Romeo and Hamlet
"Along with everyone in the talented company, they handle the verse well and invest their roles with enough humanity to prevent the proceedings from turning into a mere cartoon. Ellen Adair is a fine and fiery Juliet, making much hay out of her "Get thee to a monastery" tirade at her suddenly gay betrothed."
-Erik Haagensen, Backstage
"Juliet, after being scorned by Hamlet, who was supposed to marry her, becomes a hybrid of Tybalt and Ophelia. In other words, she has been ignored by her former suitor (the Ophelia part of her), which makes her thirsty for vengeance against the man who stole her man from her (Tybalt). In one of the smartest points in the script, during her major confrontation scene with Hamlet, she speaks the lines originally written for Hamlet, altered to “Get thee to a monastery,” and he reads the lines written for Ophelia. ...It also featured strong performances from its cast, most notably Chris Bannow as Romeo, Craig Wesley Divino as Hamlet, Ellen Adair as Juliet."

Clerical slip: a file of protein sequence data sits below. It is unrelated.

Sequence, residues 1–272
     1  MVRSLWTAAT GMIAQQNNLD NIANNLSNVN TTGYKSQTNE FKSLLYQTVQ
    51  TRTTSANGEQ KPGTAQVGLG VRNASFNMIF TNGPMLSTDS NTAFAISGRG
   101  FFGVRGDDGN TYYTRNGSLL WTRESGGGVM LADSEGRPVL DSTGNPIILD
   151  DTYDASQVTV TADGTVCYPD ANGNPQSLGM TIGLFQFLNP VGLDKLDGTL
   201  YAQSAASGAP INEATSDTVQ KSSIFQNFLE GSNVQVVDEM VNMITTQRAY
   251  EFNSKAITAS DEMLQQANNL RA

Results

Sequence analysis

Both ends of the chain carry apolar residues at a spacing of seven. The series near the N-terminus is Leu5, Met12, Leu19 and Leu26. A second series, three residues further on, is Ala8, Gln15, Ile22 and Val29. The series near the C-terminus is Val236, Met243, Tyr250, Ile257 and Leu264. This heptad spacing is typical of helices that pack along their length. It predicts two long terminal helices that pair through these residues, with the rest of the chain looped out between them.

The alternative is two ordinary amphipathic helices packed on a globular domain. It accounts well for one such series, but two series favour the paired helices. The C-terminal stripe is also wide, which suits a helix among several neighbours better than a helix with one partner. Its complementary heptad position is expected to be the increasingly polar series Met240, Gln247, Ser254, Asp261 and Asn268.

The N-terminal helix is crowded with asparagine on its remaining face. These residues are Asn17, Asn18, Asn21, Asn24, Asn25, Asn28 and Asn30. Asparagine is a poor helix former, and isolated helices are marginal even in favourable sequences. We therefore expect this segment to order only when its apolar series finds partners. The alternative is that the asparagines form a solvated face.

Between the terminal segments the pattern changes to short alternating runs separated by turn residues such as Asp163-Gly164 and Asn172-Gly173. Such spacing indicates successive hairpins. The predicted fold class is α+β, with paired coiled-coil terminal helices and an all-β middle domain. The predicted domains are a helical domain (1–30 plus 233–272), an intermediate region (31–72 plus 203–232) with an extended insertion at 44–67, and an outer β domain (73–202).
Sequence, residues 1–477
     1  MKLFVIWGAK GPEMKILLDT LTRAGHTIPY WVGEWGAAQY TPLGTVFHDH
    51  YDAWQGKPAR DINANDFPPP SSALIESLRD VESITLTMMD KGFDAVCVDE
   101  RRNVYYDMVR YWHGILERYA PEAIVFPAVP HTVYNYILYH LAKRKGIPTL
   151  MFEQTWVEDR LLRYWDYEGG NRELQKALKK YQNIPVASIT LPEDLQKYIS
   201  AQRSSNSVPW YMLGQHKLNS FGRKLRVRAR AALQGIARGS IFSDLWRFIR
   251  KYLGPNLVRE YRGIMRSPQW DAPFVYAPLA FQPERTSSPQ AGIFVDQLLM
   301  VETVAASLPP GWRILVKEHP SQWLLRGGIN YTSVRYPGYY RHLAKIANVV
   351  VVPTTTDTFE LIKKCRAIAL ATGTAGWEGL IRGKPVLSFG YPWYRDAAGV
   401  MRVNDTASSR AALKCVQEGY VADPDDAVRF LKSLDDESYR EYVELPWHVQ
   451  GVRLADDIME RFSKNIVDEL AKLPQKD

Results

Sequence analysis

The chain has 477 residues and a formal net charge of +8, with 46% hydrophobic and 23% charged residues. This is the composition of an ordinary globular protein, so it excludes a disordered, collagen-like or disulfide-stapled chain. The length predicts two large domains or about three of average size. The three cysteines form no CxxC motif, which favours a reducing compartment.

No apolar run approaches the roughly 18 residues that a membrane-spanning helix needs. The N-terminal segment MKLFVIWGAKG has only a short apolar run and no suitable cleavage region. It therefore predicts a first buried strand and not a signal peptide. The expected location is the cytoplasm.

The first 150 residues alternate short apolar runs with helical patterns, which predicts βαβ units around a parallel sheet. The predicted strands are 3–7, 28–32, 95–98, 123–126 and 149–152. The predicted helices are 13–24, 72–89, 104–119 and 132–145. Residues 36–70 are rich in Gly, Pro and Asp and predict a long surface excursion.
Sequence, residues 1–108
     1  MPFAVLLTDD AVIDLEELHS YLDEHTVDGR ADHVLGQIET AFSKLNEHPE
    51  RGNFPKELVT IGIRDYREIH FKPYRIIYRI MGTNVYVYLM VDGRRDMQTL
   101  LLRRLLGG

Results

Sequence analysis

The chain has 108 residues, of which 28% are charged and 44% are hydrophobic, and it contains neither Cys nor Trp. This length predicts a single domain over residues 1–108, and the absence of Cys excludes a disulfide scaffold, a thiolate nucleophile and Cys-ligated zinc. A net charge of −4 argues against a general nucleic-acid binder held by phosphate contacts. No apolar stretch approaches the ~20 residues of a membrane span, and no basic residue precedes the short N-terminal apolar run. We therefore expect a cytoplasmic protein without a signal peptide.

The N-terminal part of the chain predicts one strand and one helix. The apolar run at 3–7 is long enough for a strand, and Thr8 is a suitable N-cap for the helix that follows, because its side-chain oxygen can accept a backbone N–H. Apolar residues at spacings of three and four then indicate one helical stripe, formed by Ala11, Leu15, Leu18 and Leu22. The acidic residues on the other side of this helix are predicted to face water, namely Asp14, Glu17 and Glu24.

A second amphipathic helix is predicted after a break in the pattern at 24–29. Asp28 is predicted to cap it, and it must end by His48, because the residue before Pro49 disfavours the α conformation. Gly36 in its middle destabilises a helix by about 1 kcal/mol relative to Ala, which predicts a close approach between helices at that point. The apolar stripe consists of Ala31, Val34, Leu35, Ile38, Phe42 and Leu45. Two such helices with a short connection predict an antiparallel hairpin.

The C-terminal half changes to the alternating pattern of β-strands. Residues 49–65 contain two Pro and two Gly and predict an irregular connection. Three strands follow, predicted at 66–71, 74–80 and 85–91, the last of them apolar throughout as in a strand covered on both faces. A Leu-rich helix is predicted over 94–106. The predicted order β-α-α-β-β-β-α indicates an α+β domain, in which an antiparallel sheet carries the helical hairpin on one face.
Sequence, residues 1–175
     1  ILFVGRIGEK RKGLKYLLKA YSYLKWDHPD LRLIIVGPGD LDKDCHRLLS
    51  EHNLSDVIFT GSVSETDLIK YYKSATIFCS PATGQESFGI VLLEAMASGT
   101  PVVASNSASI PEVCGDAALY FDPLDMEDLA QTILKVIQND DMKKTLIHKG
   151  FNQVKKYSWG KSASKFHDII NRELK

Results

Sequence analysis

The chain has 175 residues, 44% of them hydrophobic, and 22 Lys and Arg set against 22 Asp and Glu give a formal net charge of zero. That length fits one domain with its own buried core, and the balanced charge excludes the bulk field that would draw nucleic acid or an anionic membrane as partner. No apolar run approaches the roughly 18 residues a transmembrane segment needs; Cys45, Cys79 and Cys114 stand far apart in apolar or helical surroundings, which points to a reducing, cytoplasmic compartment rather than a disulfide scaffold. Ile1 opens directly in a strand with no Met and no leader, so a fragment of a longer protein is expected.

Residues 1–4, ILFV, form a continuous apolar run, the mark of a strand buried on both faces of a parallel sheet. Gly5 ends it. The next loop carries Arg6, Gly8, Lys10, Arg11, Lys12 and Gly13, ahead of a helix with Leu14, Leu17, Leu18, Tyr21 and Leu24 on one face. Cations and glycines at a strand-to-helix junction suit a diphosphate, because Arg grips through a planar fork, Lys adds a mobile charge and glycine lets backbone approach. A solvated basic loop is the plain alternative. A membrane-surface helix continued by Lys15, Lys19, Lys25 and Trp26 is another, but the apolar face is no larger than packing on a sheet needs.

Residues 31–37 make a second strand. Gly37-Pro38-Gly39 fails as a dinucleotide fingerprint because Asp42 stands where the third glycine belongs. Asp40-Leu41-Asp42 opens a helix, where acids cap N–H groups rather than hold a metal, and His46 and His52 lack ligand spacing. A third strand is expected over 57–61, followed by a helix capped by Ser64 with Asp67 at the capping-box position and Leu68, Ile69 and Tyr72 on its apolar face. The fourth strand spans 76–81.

–Rob Will Review
“And as an Ophelia-like Juliet (Ellen Adair) identifies love as the source of Hamlet's madness, she wonders if his attraction is "To me, or not to me?" ...the game, consistently delightful performers wisely refrain from overdoing the wordplay.”
– Patrick Lee, Theatermania